Case Study


Read the case study which is below, “The Paradoxical Twins: Acme and Omega. After reading this case study write a paper that responds to the following questions. This needs to be in narrative form, not question and answer form. What I mean is I don’t want to see “Question One” –then—the answer to question one, I want you to write about the issues the question brings up.

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I highly advise that you have an introduction and summary of the case study and any observations you would like to make before you begin the analysis. You also may use outside resources if you should choose to get creative.

1. What are the goals at Acme? At Omega?

2. What impact do top managers have on these goals? Discuss.

3. Are these goals to be achieved with different strategies? Describe.

4. Which firm do you think will produce the best results? Why?

5. Which organization was more effective at developing the prototype and meeting the deadlines?

6. Was its level of effectiveness due to the goals chosen by top management?

7. Predict which organization will get the final contract. Why?

8. How can Acme’s success be explained? Did Acme’s goals seem more appropriate? Did stakeholder satisfaction play a role?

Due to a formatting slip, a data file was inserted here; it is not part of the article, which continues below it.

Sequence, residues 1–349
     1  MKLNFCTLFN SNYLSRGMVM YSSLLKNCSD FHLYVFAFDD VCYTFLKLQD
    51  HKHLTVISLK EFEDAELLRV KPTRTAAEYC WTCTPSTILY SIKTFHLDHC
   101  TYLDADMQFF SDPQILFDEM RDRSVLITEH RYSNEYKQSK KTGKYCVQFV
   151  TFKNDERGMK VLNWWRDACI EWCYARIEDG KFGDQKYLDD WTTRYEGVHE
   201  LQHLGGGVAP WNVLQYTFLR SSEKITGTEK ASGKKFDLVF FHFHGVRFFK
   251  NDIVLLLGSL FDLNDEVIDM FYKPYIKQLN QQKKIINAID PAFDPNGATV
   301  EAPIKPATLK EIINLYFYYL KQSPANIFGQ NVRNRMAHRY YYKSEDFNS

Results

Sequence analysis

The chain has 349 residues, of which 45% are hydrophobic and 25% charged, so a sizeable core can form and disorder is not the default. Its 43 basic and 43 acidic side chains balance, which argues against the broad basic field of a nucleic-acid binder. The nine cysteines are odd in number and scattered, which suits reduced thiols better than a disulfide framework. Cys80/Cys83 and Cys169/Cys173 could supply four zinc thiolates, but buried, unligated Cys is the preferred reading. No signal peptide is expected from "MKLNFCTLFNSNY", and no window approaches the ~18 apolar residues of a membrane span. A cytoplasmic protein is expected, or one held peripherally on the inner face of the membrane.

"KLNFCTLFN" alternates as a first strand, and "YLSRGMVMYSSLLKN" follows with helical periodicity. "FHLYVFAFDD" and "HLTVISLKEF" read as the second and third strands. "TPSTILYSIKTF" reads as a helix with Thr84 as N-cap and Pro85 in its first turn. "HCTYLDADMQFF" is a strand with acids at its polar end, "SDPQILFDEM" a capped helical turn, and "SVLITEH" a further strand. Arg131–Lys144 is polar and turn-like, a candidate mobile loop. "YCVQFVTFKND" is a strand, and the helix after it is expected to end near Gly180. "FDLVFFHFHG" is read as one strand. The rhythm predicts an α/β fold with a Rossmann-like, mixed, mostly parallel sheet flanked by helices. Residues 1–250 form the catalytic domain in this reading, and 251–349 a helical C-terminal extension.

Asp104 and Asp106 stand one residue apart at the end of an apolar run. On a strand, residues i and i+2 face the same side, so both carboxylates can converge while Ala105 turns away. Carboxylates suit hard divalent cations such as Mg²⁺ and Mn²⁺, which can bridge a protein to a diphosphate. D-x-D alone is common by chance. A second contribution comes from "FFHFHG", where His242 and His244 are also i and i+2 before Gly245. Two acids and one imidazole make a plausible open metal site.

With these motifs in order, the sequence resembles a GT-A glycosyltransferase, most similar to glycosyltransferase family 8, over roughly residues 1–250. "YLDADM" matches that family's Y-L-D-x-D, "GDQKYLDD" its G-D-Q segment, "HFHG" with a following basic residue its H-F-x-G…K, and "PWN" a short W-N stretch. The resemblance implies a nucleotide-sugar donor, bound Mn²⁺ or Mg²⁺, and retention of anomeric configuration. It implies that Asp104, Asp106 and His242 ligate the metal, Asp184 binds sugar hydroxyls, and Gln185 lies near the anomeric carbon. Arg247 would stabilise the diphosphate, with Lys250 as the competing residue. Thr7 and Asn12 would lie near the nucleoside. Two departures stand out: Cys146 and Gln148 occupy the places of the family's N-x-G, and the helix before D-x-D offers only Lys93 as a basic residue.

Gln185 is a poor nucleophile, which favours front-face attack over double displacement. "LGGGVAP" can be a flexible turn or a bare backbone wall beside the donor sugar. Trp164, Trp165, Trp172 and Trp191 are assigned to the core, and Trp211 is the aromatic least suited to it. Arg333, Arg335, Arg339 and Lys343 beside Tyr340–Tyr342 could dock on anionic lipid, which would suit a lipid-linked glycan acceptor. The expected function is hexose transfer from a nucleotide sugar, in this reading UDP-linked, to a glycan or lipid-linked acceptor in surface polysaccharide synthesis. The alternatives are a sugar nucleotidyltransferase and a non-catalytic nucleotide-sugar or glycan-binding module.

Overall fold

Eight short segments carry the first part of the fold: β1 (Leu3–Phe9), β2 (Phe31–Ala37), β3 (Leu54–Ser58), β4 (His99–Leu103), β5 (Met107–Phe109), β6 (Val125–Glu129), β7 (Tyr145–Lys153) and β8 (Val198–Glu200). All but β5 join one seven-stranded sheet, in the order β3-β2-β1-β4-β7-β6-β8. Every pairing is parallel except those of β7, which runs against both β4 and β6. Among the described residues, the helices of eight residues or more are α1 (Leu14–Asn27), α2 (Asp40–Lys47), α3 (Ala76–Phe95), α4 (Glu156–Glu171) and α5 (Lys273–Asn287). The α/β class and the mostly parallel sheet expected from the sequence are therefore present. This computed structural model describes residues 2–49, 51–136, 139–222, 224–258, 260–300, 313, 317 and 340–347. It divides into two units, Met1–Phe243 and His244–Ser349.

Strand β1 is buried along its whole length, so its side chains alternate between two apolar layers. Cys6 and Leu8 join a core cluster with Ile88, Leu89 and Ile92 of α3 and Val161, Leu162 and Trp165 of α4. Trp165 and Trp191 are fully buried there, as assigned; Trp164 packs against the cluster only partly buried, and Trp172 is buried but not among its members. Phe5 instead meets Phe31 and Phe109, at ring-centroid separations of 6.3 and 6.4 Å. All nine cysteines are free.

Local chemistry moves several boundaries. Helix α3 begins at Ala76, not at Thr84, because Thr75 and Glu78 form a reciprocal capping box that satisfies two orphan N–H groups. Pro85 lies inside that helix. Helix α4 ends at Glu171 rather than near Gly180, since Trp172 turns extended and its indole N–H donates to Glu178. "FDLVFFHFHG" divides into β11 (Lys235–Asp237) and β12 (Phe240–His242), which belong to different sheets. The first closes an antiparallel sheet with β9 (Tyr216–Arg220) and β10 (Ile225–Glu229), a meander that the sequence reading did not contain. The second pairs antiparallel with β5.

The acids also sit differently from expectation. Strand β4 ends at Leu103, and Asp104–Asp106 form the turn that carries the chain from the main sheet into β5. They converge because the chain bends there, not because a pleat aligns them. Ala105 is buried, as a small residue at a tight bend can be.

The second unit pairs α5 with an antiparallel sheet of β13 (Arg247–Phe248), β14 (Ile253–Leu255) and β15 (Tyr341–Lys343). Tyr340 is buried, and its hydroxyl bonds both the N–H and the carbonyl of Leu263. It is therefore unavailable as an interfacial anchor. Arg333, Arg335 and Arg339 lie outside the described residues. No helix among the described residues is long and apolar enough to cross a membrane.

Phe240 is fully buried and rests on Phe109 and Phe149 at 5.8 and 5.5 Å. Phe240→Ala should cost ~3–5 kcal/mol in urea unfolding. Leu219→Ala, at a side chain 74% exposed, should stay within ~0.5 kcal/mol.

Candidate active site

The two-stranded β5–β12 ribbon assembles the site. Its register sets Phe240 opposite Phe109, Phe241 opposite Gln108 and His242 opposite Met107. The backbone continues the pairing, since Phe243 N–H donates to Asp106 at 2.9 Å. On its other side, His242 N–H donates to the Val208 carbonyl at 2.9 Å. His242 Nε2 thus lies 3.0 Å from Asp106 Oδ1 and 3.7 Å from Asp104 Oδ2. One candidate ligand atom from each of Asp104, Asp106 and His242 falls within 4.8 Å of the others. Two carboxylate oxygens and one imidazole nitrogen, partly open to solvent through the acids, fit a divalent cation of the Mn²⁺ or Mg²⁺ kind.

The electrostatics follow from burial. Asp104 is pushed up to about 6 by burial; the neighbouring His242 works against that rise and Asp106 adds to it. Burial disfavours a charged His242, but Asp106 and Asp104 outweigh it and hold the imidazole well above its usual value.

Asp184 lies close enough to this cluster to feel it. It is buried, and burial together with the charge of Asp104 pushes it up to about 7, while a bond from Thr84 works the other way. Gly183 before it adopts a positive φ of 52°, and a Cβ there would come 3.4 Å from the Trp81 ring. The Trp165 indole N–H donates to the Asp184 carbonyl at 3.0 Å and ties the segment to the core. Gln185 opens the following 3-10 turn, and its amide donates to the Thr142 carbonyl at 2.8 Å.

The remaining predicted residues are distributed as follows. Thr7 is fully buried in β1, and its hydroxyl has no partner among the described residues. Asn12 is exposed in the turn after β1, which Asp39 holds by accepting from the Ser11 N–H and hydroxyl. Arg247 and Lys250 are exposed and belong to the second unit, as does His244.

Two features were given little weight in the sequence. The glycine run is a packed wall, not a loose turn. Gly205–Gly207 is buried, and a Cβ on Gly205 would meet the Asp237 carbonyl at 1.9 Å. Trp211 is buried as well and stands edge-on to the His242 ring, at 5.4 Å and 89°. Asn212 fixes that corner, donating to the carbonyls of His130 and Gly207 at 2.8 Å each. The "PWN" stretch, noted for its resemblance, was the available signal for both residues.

9. Overall, who was more effective, Acme or Omega? Explain in detail.

Besides answering or addressing the questions I also expect you to get outside these questions meaning be creative and address any issues you see that I haven’t addressed in these questions.

The case study is due until the 18th of November.

Also please remember that this is a paper needs a cover page, needs to be double spaced and have a reference page that are in compliance with the guidelines set forth in the APA manual (this means at the minimum I want a cover/title page, reference page with properly formatted references and page numbers, also remember that each new paragraph needs to be indented five spaces, usually just done by either setting it up for automatically doing that in your word processor or by using the tab key). 5 to 7 pages and the quality of the content and not the quantity (big words and large run on sentences and paragraphs don’t impress me). Scholastic articles will need to be used and attached with the case study.

Case Study

CASE FOR ANALYSIS | The Paradoxical Twins: Acme and Omega Electronics87

Part I

In 1986, Technological Products of Erie, Pennsylvania, was bought out by a Cleveland manufacturer. The Cleveland firm had no interest in the electronics division of Technological Products and subsequently sold to different investors two plants that manufactured computer chips and printed circuit boards. Integrated circuits, or chips, were the first step into microminiaturization in the electronics industry, and both plants had developed some expertise in the technology, along with their superior capabilities in manufacturing printed circuit boards. One of the plants, located in nearby Waterford, was renamed Acme Electronics; the other plant, within the city limits of Erie, was renamed Omega Electronics, Inc.